"The image of a bunch of nosy foreigners poking around hundreds of caves and redoubts and tunnels where the North Koreans may be stashing [nuclear weapons and ballistic missiles] is fantasy. It's not going to happen. Not as long as Kim is in charge," Kirk writes.
"The dreams of a deal whereby Kim sees the light, acquiesces and bows down in talks with Trump may have been encouraged by one gesture the North Koreans are making. That's the closure and destruction of the nuclear test site at Punggye-ri, in a mountainous region far northeast of Pyongyang, to be carried out between May 23 and May 25. That's going to be a tremendous event, live on TV, but it's all for show.
"The site, where North Korea has conducted all six of its nuclear tests, is presumed no longer usable."
Does this look like Libya? North Korea isn't going to give up its nuclear weapons for nothing, the Korea Times editorializes. It has seen how that story plays out.
"Of course, the Kim regime must have been displeased with US calls for complete, verifiable and irreversible denuclearization. The North is opposing US moves to apply a Libya-style denuclearization formula, under which the African country transferred all of its fissile materials to the US for dismantling. The North apparently opposes such a formula, believing the Moammar Gadhafi regime collapsed because it gave up its nuclear ambitions."
"Yes, both men are authoritarians, but Putin's party is his personal instrument whereas Xi is an instrument of his party. Putin is not tackling corruption, improving the environment or reforming the Russian economy. Xi already has major accomplishments to show for his first term," Overholt writes.
"China is quickly relinquishing old industries, like the making of cheap socks, and building more modern ones, such as biotech and telecom equipment. Overproduction of steel and other materials is declining fast. Environmental amelioration is accelerating. Xi's geopolitical vision is inspiring many."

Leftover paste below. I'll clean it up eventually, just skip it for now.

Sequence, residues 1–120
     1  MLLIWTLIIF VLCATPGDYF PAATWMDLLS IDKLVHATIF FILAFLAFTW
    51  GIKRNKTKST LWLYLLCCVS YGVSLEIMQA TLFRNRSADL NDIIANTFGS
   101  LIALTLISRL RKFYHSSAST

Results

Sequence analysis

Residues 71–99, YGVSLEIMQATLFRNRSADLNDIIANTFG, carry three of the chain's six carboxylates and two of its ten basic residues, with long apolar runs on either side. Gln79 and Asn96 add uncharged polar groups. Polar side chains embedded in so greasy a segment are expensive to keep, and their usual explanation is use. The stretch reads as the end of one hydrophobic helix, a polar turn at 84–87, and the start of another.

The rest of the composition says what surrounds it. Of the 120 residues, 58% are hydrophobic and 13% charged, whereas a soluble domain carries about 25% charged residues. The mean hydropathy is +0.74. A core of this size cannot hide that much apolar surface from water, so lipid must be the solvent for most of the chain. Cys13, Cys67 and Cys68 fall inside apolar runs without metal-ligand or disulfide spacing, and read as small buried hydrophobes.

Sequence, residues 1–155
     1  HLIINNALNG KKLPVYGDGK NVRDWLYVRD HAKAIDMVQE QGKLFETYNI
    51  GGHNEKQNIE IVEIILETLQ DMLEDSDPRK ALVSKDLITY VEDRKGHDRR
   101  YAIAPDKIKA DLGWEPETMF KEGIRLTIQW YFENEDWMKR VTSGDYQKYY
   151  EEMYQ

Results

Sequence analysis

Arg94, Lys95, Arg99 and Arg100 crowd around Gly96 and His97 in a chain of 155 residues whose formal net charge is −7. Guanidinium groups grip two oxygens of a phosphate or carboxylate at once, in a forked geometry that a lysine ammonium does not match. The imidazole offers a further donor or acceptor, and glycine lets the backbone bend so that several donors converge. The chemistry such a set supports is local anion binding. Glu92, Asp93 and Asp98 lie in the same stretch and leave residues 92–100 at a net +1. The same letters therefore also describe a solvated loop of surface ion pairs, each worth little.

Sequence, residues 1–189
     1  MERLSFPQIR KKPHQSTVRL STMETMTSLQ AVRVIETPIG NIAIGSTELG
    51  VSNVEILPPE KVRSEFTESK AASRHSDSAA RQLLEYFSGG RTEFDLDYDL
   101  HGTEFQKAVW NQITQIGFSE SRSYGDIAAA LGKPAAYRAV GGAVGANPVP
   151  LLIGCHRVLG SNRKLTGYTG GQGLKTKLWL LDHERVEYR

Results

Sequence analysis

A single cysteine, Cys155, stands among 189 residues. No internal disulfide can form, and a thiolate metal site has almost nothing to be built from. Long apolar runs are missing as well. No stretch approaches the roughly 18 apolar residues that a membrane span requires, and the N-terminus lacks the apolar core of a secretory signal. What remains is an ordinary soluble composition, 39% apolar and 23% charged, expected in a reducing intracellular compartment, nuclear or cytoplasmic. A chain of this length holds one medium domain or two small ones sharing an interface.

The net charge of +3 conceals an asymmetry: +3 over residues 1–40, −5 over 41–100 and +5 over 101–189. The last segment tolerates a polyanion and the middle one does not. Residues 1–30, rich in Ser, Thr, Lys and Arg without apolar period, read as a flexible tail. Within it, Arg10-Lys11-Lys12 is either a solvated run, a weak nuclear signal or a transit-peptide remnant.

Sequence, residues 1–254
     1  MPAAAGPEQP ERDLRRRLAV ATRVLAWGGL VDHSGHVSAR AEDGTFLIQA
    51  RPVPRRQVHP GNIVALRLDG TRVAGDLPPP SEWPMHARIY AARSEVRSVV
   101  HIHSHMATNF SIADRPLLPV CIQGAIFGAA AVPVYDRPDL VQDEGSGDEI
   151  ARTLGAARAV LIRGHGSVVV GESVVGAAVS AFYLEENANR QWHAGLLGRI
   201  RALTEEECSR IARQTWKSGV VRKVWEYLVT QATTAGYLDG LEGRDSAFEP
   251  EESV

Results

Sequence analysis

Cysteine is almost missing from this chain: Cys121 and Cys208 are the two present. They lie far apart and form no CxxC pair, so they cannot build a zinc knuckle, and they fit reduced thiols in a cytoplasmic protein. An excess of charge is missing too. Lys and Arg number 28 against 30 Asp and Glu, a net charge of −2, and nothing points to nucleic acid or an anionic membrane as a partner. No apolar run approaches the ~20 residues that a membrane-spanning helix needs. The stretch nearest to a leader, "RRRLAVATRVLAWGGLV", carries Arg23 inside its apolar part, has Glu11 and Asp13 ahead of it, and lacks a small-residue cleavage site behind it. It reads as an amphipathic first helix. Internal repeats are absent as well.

"There is no available spare superpower with which Europeans would share enough interests to build a new form of alliance: China and Russia offer no such thing. Besides, transatlantic flows of trade and capital stand at the heart of the global economy, and they are irreplaceable," Tertrais writes.
"Another reason to maintain a partnership with the US is the magnitude of the security risks Europe faces. Islamic State might be militarily defeated, but jihadist terrorism is a generational challenge: we cannot afford to turn our backs on cooperation with the US. The trauma of terrorist attacks in Europe remains vivid.
Meanwhile, "Europe can't afford a transatlantic trade war. Its companies and banks do much more business on the other side of the Atlantic than they will ever do with Iran. If anything, this crisis should bolster calls to build up Europe's defense capabilities."
How Trump Can Fix Immigration in America
President Trump's supporters believe his unconventional approach allows him to make diplomatic breakthroughs others think impossible. It's time to test that at home on immigration, suggests Reihan Salam in The Atlantic. It's time to offer an amnesty.
Trump should "offer a new grand bargain of his own: Building on the Secure and Succeed Act, he would call for limits on chain migration and serious workplace enforcement, two of the restrictionist movement's core objectives, and in exchange he would accept an amnesty for unauthorized migrants who have peacefully resided in the US for a lengthy period of time," Salam writes.
"To establish his credibility on this front, he could shift enforcement resources from long-stayers to more recent arrivals, with a particular focus on visa overstayers. Doing so would send a clear signal to potential migrants, which in turn would soon yield a steep decline in the unauthorized inflow."
"[T]he fact remains that most Americans don't have the stomach to uproot the long-resident unauthorized population, and pretending otherwise makes immigration enforcement less tractable, not more so."
Where the Super Rich Are Getting Even Richer
There were more billionaires than ever in 2017 – and, for the first time, more in Asia than North America, according to a new report.
Last year saw the global billionaire population grow almost 15% "to an all-time high of 2,754 individuals, surpassing the previous peak of 2,473 in 2015," according to the latest Billionaire Census produced by global wealth information firm Wealth-X.
"A standout trend in 2017 was the surge in Asia's billionaire class, led predominantly by China and Hong Kong, although healthy gains were also recorded in India," the report notes, citing "higher infrastructure spending, booming prices and robust demand from an expanding middle class" among the factors responsible.
Also of note: "The number of female billionaires rose by 18% in 2017, outpacing the growth of 14.5% in the male billionaire population and increasing the female share of the global billionaire population to 11.7%."